What is your favorite sea creature and why?

  • I love penguins because they like to swim and are a bit clumsy on land, just like me!


Adelie Penguins (Pygoscelis adeliae) on iceberg. (Photo Credit: Jason Auch, Wikipedia)

When did you know you wanted to pursue a career in science or an ocean science career?

  • I’ve loved the ocean as long as I can remember and I’ve loved science since I was in 7th grade (shout out to middle school STEM teachers!). Figuring out how to combine these two interests into a career ever since then has been quite an adventure.

What do you personally hope to gain or experience while on EXP383?

  • I’m excited to see how the deep sediment cores are recovered and studied and I’m learning so much already! Otherwise, I really look forward to collecting awesome sediment records spanning back into the Pliocene (~3 to 5 million years ago) because the Pliocene is an important past example of warm climate behavior (with atmospheric CO2 concentrations close to modern values) and it’s very hard to get Pliocene age sedimentary records without a big drill ship.

What message do you have for anyone considering a career at sea or a career involving the ocean sciences?

  • Don’t limit yourself to the traditional jobs you learn about in school. Growing up, I thought being a chemist meant wearing a lab coat and swirling blue fluids in beakers. I didn’t know that I could be a geochemist that collects samples at sea or in the field and uses chemical tools to study the Earth itself. Also, there are MANY ways to work in ocean/geo sciences that don’t even require getting a PhD (such as working on a research vessel or being a laboratory technician). So don’t feel limited to any one specific path!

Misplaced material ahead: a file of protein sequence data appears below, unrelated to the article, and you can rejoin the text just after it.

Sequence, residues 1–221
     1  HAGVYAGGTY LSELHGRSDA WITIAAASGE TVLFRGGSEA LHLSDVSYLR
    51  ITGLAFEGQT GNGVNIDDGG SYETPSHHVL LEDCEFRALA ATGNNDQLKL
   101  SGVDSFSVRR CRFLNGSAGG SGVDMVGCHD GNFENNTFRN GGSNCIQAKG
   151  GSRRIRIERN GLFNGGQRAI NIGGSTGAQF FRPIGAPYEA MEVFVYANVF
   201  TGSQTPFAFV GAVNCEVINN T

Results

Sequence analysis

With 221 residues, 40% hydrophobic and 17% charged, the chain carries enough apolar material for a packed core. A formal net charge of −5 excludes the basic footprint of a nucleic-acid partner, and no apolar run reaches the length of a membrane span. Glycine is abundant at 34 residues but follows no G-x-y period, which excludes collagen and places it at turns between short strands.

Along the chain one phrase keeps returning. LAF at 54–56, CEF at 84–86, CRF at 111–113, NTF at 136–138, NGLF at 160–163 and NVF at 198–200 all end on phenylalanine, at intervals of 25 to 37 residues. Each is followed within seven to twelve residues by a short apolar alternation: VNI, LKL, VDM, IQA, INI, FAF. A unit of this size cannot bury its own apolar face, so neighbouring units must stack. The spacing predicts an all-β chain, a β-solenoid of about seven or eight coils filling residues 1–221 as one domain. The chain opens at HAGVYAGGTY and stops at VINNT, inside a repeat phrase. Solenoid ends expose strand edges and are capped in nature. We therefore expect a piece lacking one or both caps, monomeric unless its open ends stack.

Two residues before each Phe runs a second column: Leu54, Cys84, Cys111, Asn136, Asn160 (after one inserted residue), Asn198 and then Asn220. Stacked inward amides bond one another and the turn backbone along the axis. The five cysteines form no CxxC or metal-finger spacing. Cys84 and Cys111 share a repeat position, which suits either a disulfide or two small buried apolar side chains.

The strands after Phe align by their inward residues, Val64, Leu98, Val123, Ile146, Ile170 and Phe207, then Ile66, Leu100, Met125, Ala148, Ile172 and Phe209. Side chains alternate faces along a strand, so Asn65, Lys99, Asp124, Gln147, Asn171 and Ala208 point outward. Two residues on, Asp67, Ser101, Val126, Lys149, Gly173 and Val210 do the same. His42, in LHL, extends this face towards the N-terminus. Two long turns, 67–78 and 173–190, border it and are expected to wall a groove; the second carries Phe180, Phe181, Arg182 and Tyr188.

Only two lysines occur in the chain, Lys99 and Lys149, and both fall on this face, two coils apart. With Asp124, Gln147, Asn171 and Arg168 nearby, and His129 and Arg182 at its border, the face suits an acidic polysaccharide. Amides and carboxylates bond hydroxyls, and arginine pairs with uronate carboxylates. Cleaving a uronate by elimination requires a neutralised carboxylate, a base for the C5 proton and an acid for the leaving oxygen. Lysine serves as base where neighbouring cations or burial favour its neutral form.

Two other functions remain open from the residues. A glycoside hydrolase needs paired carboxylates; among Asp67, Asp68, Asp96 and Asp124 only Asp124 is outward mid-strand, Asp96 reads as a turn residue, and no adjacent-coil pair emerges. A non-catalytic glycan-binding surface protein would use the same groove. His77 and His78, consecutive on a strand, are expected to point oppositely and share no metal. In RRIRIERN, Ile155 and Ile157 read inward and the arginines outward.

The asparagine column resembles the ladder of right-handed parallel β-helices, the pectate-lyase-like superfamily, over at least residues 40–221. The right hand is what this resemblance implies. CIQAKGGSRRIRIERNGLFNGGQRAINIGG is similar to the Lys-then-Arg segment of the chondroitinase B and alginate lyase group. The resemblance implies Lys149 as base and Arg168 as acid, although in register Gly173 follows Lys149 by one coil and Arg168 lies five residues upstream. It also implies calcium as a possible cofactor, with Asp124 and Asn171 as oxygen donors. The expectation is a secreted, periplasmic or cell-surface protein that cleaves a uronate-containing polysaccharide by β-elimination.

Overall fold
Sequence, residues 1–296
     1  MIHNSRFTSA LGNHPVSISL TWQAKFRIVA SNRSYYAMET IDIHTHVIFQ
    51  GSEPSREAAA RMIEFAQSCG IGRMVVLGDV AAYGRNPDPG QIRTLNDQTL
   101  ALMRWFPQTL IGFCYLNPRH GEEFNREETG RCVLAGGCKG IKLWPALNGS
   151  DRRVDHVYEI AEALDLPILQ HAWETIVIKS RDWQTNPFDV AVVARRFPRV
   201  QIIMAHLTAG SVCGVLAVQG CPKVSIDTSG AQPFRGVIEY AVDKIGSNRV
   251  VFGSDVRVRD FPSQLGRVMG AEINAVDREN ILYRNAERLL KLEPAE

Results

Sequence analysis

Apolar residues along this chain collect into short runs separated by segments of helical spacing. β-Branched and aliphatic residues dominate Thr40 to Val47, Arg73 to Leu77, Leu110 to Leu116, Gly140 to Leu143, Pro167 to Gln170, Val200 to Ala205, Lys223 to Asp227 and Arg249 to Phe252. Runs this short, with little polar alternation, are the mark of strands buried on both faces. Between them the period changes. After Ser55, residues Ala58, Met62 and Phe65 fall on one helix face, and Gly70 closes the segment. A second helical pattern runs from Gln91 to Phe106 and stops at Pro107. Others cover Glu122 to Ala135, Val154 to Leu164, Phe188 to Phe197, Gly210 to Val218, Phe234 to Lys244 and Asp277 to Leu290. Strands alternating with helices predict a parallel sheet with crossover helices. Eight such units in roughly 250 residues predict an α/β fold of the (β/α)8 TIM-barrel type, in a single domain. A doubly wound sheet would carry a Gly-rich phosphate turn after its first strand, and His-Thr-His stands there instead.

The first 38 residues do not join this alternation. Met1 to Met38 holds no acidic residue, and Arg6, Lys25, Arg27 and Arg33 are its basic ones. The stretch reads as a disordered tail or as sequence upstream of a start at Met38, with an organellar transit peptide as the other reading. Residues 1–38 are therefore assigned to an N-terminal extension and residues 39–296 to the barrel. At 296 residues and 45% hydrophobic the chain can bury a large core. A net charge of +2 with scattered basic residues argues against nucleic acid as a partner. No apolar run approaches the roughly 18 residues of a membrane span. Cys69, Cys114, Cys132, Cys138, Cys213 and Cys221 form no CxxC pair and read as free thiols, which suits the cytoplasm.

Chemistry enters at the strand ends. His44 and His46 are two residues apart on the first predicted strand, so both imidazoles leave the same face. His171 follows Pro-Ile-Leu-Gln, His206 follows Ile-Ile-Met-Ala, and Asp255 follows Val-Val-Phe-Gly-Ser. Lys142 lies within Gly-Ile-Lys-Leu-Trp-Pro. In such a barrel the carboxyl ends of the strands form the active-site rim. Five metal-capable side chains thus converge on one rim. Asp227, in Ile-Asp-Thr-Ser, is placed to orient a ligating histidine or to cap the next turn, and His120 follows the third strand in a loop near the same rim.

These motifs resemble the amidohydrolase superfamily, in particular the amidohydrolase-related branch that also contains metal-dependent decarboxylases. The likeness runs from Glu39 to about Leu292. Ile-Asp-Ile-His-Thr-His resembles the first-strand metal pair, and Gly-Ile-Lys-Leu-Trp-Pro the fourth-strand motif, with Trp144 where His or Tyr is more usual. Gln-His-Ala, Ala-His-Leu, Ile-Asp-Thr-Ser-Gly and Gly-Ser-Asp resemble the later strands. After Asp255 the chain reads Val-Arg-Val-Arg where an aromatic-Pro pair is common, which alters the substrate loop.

What do you do back home when not on the JR?

  • If I were not on the JR right now, I’m be back at home frolicking in the warmth and sunshine of a NYC summer with my friends.

Do you get sea sick? If yes or sometimes, please also select the other tab and describe how you cope with it.

  • Yes: I get carsick all the time, so I made sure to load up on sea sickness meds and ginger candies in preparation for this cruise. In my past experiences, I’ve found that my body gets over sea sickness with the first few days of being at sea. So far, no problems yet on the JR. Fingers crossed I continue to feel alright!

The need for space comes in many forms. Which type of space, in general, is the most important to you?

  • ___Personal Space
  • ___Creative Space
  • ___Outdoor Space
  • _X__Emotional Space
  • ___Physical Space
  • ___Spiritual or Meditative
  • ___Outer Space
  • ___Community Space
  • ___Quite Space
  • ___Productive/Work Space
  • ___Digital/Virtual Space
  • ___Public Space
  • ___Inner Space
  • ___Other:

Why that type of space? What makes it important to you and will it be available while on the JR?

  • On the JR (and in life in general), I think emotional space is extremely important. Sometimes people forget that we’re all humans and we’re all just trying to get by. You never know what issues may come up for someone during 2 months at sea (from work itself, or dealing with other people on the ship, or from our lives on land) and it’s essential to have space to deal with the emotions that come up. On the JR, this can come from the empathy of others on the ship, or from finding the right place to process things (like in the privacy of your room when your roommate is on shift, or down in the gym with the music cranked up, or out on the deck during a quiet moment).
Sian Proctor
Dr. Sian Proctor is an analog astronaut, geoscientist, and science communicator with a passion for space exploration. She believes that when we solve issues dealing with space exploration, we also solve for issues on Earth. Dr. Proctor is a geology, sustainability, and planetary science professor at South Mountain Community College, Phoenix, Arizona. She has a B.S. in Environmental Science, an M.S. in Geology, and a Ph.D. in Science Education.
More articles by: Sian Proctor